Tuesday, January 24, 2012

Catholic feminism

A young woman asks on the occasion of the anniversary of Roe v. Wade... Is There Such a Thing as a Pro-Life Feminist?

I’m going to try to make it simple. What does it mean to be a feminist? Can you be both pro-life and a feminist? First, looking up “feminism” in the dictionary, leads me to this definition:

the doctrine advocating social, political, and all other rights of women equal to those of men

Hmm…ok, pretty simple to understand. There’s no formula or step-by-step beliefs you must ascribe to in order to fit into this category. Basically, a feminist believes that women deserve equal rights—in all areas of life—to men. A feminist is pro-woman. This simple definition leads me to five conclusions.

1) Anyone, including a man, can be a feminist. Ok, this really is a serious article, but silly thoughts first. I find it very odd when women fighting for their equal rights shun men who also want to fight for women’s equal rights. We should welcome them! Men can be pro-women. Men can believe in equal rights for women. I know. I happen to have exactly two brothers, one father, and one husband like this. And they’re not rare in my circle of friends. Feminists should not be anti-men.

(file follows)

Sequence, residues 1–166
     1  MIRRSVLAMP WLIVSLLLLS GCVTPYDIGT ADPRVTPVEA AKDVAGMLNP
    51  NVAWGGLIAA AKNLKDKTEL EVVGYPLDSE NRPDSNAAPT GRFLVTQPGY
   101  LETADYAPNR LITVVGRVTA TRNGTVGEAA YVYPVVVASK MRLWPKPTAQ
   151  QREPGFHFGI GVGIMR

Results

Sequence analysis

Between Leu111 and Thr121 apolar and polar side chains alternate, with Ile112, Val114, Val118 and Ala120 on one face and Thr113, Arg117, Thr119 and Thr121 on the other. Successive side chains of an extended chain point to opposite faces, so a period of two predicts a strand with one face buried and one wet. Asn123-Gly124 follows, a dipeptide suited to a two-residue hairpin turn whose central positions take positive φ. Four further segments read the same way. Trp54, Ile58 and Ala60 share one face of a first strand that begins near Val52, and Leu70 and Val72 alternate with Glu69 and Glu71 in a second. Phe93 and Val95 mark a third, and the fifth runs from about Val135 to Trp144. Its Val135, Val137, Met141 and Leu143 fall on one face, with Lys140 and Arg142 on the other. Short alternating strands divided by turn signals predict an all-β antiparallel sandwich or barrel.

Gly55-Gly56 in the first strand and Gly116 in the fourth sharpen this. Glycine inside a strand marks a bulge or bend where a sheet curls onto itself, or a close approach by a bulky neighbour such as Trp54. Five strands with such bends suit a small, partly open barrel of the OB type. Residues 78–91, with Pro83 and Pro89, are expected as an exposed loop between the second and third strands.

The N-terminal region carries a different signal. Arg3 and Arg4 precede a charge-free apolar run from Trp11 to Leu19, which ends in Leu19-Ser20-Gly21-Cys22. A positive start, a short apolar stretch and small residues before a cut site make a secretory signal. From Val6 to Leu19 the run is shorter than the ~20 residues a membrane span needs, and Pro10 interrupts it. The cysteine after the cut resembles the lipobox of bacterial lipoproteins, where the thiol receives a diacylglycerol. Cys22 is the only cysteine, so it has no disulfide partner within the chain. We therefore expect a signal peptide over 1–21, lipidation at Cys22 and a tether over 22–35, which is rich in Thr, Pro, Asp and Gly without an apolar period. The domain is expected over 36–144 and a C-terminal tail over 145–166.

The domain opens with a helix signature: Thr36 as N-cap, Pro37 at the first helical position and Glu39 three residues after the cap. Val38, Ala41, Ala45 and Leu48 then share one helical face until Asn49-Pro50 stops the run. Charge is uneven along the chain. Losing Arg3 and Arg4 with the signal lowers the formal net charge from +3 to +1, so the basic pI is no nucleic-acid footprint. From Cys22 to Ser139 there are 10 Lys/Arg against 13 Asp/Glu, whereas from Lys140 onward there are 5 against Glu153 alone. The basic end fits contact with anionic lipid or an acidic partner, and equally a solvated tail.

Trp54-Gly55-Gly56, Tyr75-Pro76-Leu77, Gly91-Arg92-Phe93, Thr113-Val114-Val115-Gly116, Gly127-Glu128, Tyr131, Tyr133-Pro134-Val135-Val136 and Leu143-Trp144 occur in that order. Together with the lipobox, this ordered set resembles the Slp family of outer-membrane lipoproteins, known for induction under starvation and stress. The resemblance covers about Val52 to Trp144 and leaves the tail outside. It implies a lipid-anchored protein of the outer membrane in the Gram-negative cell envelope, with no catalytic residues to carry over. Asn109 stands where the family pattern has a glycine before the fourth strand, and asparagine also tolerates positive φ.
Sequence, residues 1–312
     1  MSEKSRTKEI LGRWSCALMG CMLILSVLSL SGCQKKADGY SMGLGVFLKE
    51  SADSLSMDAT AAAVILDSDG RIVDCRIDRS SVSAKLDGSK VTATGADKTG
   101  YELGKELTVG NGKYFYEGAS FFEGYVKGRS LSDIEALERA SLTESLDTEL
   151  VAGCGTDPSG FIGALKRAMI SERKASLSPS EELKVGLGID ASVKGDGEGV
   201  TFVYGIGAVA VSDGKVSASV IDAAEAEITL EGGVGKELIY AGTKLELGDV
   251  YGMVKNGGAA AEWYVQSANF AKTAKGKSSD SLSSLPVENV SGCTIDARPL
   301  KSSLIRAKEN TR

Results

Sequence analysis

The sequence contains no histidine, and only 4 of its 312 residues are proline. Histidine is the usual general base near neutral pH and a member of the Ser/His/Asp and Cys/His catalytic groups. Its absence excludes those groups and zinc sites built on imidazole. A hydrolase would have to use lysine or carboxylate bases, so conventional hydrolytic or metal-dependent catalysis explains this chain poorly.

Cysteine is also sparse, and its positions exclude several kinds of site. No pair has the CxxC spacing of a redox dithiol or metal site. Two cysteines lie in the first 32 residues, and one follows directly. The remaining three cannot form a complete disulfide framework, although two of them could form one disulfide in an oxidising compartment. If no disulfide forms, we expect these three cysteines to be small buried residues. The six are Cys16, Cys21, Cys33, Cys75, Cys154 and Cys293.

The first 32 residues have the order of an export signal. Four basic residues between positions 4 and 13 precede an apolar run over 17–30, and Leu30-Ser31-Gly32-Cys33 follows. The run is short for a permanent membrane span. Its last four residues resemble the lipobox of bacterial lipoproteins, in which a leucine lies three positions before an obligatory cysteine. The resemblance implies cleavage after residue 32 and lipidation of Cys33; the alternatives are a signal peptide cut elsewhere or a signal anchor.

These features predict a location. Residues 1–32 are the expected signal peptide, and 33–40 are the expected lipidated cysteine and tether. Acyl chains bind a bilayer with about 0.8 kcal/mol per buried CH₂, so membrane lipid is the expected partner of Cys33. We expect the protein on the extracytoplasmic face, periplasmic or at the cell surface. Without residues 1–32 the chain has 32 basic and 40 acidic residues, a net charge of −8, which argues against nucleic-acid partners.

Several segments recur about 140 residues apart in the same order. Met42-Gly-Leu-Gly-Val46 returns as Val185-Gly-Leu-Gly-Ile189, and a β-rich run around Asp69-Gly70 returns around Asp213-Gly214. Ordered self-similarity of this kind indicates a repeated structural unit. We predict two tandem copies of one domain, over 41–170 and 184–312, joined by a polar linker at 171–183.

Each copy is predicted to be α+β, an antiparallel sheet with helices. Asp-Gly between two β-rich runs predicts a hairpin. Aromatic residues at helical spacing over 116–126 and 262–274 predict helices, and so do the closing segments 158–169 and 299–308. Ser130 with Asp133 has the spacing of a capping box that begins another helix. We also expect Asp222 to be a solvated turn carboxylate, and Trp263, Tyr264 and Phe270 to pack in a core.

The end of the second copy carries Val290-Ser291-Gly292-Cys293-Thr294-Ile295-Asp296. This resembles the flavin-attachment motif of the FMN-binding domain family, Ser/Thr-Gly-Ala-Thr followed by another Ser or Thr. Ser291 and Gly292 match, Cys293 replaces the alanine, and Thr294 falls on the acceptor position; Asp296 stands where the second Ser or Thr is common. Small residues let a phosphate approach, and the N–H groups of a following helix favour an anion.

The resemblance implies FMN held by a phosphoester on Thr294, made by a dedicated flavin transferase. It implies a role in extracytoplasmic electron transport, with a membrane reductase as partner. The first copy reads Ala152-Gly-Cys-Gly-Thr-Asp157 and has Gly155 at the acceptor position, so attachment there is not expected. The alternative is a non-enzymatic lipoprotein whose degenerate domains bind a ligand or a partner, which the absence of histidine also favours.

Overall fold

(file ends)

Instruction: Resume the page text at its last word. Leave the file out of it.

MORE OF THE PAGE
2) Though “rights” should be equal, talents or roles cannot always be. There is a big, big, BIG difference in saying that women should have the right to play sports and saying that women can play tackle football just as well as men. Personally, while women may arguably have the right to play any sport they want, I will not be allowing my daughter to get tackled and splatted to kingdom come by 250 pound men. Just a thought. Now if there was only an all-women’s football team…

Seriously, though, watch small children, and you will see that there is an inherent difference in little boys and little girls. We are created differently and we suit different roles better. It’s not a violation of “equal rights” to say that women and men are different.

But what if 1 and 2 are in opposition? What part of the definition of justice requires that what is unlike must be made like?

Some rights may pertain to all in so far as they are human. But what if some rights pertain specifically to men as male (and all that is attendant upon being of that sex) and some specifically to women as female (and all that is attendant upon being of that sex)? Equal pay may sound nice, but does a woman have the same responsibility to the family as a father? Even if women claim they are willing to shoulder 1/2 or all of the burden of financially supporting a family, how many of them would be satisfied with a man willing to give up that role?

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